Each year like clockwork, my therapist leaves the city for three weeks and unlike clockwork, my life becomes that bit messier, a bit trickier to predict. As August begins, the dread also begins.
I worry that without my 45 straight minutes of blabbing each Friday, the bolts in my life will loosen and I’ll come shuddering to a complete halt, blocking the tracks for everyone behind me. That kind of thinking is called “catastrophising” and, not to boast, my therapist says I’m actually really good at it. Rationally, I’m sure I will be fine this month. I’ll keep trudging on just as I did before I was lucky enough to get health insurance and the money for a co-pay. But it’s a wobbly kind of month.
I find some comfort in knowing I’m not alone in being left alone. Lots of New Yorkers lose their therapists in this most grotesque of all the summer months. Perhaps all of the therapists travel together in a calm herd. Maybe they swim, silently gliding through the water, managing to stay in their lanes even in the ocean.
Once, my friend Abi confided in me that she wonders about her therapist’s life and situation, and asked if I did the same about mine: “I mean, aren’t you dying to know who she is? To find out anything at all about her?” I answered honestly that no, I’m not. I understand that my therapist is not a bot activated only by my presence, but her life is not really any of my business.
I’m telling you, in therapy I’m like the self-absorbed, peevish little boy in “The Secret Garden,” fretful and whiny. My therapist is that big strong girl who wheels him around in a barrow and shows him the flowers. Besides, her office is the only place where the person I’m talking to isn’t dying to jump in as soon as I stop for breath.
If I really miss my therapist’s concerned and kind eyes trained on my face, I’ll simply sing along with the Moana soundtrack really loudly and my dog will fix me with the same expression.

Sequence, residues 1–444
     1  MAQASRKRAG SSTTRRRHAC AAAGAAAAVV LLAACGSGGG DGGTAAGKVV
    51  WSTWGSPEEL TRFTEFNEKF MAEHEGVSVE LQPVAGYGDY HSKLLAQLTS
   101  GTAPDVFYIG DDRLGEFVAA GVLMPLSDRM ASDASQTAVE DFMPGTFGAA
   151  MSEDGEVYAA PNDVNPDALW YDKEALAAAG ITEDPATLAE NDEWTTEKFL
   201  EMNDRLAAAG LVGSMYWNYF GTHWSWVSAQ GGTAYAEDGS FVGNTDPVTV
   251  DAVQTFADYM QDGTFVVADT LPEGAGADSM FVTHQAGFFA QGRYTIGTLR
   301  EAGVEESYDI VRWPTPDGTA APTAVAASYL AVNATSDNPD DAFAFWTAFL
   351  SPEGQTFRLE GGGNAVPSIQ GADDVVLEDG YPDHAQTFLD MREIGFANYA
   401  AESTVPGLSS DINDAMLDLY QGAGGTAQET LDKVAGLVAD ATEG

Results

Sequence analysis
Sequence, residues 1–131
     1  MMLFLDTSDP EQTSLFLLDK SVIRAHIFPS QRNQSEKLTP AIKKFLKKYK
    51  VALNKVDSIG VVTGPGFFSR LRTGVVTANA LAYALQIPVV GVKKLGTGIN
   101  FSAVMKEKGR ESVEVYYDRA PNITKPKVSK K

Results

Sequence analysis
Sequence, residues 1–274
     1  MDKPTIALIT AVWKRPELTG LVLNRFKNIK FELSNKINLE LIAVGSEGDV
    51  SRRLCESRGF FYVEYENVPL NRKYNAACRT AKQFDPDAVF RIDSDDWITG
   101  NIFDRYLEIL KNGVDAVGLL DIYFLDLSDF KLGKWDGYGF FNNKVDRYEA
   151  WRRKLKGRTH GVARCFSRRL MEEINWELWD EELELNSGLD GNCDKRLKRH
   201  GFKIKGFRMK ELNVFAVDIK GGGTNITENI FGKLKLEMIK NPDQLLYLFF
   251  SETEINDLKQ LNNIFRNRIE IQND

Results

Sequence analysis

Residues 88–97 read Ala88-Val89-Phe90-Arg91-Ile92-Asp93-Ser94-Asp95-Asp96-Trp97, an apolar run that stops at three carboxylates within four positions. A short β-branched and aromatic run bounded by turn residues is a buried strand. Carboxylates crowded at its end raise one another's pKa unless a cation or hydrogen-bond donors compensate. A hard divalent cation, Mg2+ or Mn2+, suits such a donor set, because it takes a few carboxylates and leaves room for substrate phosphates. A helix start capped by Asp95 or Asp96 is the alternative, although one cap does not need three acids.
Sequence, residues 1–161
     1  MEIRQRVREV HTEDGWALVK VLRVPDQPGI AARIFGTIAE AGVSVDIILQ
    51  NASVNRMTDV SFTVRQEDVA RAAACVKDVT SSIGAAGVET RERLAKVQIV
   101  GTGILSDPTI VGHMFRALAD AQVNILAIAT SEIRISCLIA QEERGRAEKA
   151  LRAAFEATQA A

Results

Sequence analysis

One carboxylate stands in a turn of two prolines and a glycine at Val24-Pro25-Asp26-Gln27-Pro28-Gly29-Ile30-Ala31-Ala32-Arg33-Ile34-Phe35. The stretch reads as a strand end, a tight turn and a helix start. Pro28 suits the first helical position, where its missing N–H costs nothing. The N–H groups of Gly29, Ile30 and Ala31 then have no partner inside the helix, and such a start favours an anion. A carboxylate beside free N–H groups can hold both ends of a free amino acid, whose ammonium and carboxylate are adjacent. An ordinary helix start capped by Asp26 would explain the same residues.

Now, if you do happen to know me and you’re worried that I’m talking about you, well, look at that, you made it about you again.
That said, I’ve accidentally gleaned a couple of scraps of information about my therapist over the past four years: She both reads and watches the Outlander series, and her mother became a fashion model later in life. Should I wish to follow her, are those enough clues as to where she might vacation? The Scottish Highlands, or through time? Perhaps wherever stylish elderly people go, like that part of the Met way uptown. I don’t know. I just know I’m on my own.
In order to navigate my own melancholy cliffs, flecked through with flints of anxiety, I’ve come up with a plan. First, I will talk to and listen to others. I’ve been practising this. Just the other day, I chatted to the letter carrier, the traditional victim of the lonely, for almost a full minute. I told him I suspected there was either a rat in the building or a large army of roaches that moved together as one, shaped like a rat. He smiled along credibly enough before I saw that he was wearing those little earbuds with no wires.
My second line of defence is to avoid living in my head, since it’s bound to be chaotic up there. I will instead live in my body, however overheated it gets. And if I really miss my therapist’s concerned and kind eyes trained on my face, I’ll simply sing along with the Moana soundtrack really loudly and my dog will fix me with the same expression.
I’m not going anywhere this month. As I explained to my therapist, some of us have to work. That statement was followed by a quick discussion of how well I’m unlearning my passive-aggressive style of communicating. In truth, I’m staying because want to see what will happen next.
After the heatwaves and floods and blackouts, I am grimly determined to learn what horror will befall those of us who remain. A citywide shortage of cava? A mayor who continues to keep his eyes off the prize? An infestation of those horrible little scooters people use in Los Angeles?
“New York,” I sigh up at the thundery sky. If you can make it here, particularly in August without a therapist, then you truly can make it anywhere. But if I can make it anywhere, then shouldn’t I leave here at once?
Then, before I make any big decisions, I remember everything I’ve learnt in therapy. All of that insight I’ve worked to illuminate, that won’t go back to black. In the end, didn’t the fresh air and midnight talks revive that weak little boy in the book? Yes. Surely I can hang on for another few weeks. And if I can, we all can.
Maeve Higgins is the creator of the audio series ‘Aliens of Extraordinary Ability’ and a contributing opinion writer.